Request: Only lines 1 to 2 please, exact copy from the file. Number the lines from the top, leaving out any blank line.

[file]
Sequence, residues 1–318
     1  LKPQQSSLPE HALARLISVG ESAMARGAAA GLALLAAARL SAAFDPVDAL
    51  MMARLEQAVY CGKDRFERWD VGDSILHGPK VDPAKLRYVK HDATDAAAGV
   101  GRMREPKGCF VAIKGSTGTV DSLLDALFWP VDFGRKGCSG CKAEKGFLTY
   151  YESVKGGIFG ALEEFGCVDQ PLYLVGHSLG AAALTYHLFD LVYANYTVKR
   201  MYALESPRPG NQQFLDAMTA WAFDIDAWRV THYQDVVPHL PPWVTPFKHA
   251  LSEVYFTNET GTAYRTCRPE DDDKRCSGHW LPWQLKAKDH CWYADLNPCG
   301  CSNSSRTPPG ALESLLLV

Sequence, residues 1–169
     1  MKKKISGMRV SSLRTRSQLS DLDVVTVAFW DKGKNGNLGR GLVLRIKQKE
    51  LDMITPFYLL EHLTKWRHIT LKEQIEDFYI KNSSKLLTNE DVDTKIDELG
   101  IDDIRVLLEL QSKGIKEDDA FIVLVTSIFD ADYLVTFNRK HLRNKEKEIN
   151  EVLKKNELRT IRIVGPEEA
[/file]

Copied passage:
Sequence, residues 1–318
     1  LKPQQSSLPE HALARLISVG ESAMARGAAA GLALLAAARL SAAFDPVDAL